Rye, or Secale cereale, is a grass producing edible grain. The plant can grow up to 2m tall. The grain matures up to 9mm long with a shimmering bluish colour. The ripe corn easily falls away from the husk during threshing.


The Rye we know is descended from Anatolian wild rye. Rye has been planted in central Europe since 700BC and used as a bread cereal ever since. Without its husk, a grain of rye consists of 60% carbohydrate, 9.5% protein, 13.2% fibre, 1.7% fat and 1% minerals (ash) as well as containing significant levels of Vitamins B and E. 


It is used in flour, wholemeal flour, semolina and cereals.



Perennial Rye, also known as Primeval Rye, is a specialised simple form of cultivated rye having a much smaller grain and a 50% lower yield. It is grown relatively rarely but can be found in a few fields in Lower Austria (Niederösterreich) Rhienland-Pfalz, or in Kanton Argau in Switzerland.



For more than 1200 years, until superseded by wheat, Rye was the most frequently used grain in breadmaking. White bread came into fashion long ago: even the ancient Greeks sieved the bran out of their wheat to create a white flour. Right up until the 20th century, people strove to put the expensive white bread on their tables. Wheat does have better baking properties for pastry and pasta but doesn’t have the health benefits of rye.



Whether derived from Wheat, Rye or Dinkel, white flour is manufactured purely from the core of the grain. In wholegrain flour only the indigestible awns und husks are discarded.  The Aleurone layer, the outermost layer of the endosperm separating the grain from the husk and the seedling, remain in the flour preserving all of the grain’s nutrients.


Flour extraction provides us with all the well-known flour types: wholegrain flour, in order to conform to the norm, must consist of all of the grain’s constituents.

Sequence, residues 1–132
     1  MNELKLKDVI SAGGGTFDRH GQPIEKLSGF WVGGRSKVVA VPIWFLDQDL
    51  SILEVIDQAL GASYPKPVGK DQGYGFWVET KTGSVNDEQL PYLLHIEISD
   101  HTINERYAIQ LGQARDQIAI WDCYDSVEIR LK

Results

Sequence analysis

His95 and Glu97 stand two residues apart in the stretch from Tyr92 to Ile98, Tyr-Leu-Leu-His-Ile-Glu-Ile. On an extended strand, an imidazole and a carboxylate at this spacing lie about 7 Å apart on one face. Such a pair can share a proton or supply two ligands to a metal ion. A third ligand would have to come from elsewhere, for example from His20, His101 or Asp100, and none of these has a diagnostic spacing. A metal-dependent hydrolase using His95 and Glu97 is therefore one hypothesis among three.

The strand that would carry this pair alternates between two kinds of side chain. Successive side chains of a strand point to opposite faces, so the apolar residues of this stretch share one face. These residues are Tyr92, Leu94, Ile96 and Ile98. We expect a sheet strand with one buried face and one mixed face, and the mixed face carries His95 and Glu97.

During flour extraction the grain will initially be roughly crushed, then the inner part of the grain, the endosperm, will be separated from the husks by sieving.
The remaining 30% to 60% of the original volume is known as the flour Extract.
By comparing the nutrients between wholegrain rye and rye flour extract, it is clear to see that wholegrain rye has both lower sugar levels and fewer calories whilst having a higher number of beneficial fibres.


The type designation on a packet of flour signifies the flour’s ash or mineral content in mg per 100g. The higher the number the more minerals there are in the flour. Rye flour 815 contains therefore, 815mg of ash per 1kg, however these type designations and numbers vary from country to country.


In Germany we use Rye flour extract type 815 for biscuits, rye pasta or noodles. Type 997 is used for brown breads, type 1150 for sourdough bread and type 1370 for dark rye breads. In type 1800 wholegrain flour, which is known as coarse grain rye flour or rye meal, pieces of the grain are visible.